City Road Basin published by R. Ackermann, 1822

Coming of the railways

Unfortunately, this early success prematurely hit the ‘buffers’ when, in the 1840s, the railways had begun taking business away from the canals; the North London line was laid initially as a goods service. There were even (unsuccessful) attempts to turn the canal into a railway! The fortunes of the canal ebbed and flowed but cargo tonnage did increase between the 1850s and 1880s. Much activity still took place along the Islington section, with businesses continuing to operate by the basins and wharves. The coming of what was eventually to become the Northern underground line (1901) witnessed tunnelling underneath the City Road Basin, with the canal playing its part by removing excavated spoil.

Western end of the Islington Tunnel, c.1937

Second World War and after

During the Second World war (1939-45) traffic increased on the canal system as an alternative to the busy railways. Gates were installed near King’s Cross to limit flooding of the railway tunnel below, in the event that the canal was breached by German bombs. A number of canal side building were hit by enemy bombs, including some on City Road Basin that were beyond repair. Along with other transport systems the canal was nationalised in 1948, trading as British Waterways. The towpaths were later utilised as convenient underground conduits for electricity cables. The last horse-drawn commercial traffic was carried in 1956, motor powered barges had been commonplace since the 1930s. By the late 1960s business traffic had almost vanished and the Regent’s Canal steered towards use as a leisure facility, with increased public use of its towpath.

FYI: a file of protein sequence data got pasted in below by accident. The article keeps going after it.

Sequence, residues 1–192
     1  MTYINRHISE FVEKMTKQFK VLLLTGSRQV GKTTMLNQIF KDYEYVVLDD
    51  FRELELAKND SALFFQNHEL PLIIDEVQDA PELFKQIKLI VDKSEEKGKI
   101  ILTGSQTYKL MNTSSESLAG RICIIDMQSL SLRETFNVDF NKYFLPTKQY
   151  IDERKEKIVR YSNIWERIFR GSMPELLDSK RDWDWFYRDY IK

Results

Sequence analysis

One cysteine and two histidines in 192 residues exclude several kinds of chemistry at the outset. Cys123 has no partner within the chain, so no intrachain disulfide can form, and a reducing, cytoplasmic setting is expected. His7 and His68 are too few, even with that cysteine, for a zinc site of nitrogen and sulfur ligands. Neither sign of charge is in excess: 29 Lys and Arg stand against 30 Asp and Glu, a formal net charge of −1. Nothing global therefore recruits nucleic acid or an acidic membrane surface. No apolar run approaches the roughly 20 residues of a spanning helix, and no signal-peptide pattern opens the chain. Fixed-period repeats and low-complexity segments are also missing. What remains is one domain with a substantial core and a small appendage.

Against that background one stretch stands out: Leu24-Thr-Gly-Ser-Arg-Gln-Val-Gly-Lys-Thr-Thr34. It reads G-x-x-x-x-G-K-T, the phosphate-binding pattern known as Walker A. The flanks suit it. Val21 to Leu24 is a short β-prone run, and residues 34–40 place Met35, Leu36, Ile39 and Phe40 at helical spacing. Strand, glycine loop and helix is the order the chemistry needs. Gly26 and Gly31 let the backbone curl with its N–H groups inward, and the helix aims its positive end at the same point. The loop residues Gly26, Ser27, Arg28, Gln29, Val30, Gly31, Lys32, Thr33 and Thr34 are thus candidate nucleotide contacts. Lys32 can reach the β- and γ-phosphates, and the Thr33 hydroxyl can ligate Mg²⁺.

City Road Basin, 1980s

Regent’s Canal 2000s

The Canal and River Trust took over guardianship of the canals in England and Wales from British Waterways in 2012, along with a wide range of heritage buildings and structures. The Islington stretch of the Regent’s Canal has gradually been re-energised. While the canal continues to be an oasis of relative calm, cultural and business offers have sprung up along its historic basins. Work completed in 2009 to the City Basin has included the provision of public open space, a landscaped park, and new facilities for the Islington Boat Club. The basin is also home to the Islington’s tallest building, the 36-storey, 115m-tall Lexicon Tower, a residential building of 146 apartments.

In 2008 its Battlebridge ‘sister’ basin at King’s Cross witnessed the opening of Kings Place, a cultural venue and office development. This included the first, new-build public concert hall in central London since 1982. And, of course, the basin continues to be home to the London Canal Museum, itself born from a mid-19th century canal-side building that is an integral part of the fascinating and physical history of the Regent’s Canal, London’s now ‘not-so’ hidden waterway. Happy 200th birthday!


This article is from Barging Through Islington: 200 Years of the Regent’s Canal, an exhibition exploring the two century history of the Regent’s Canal.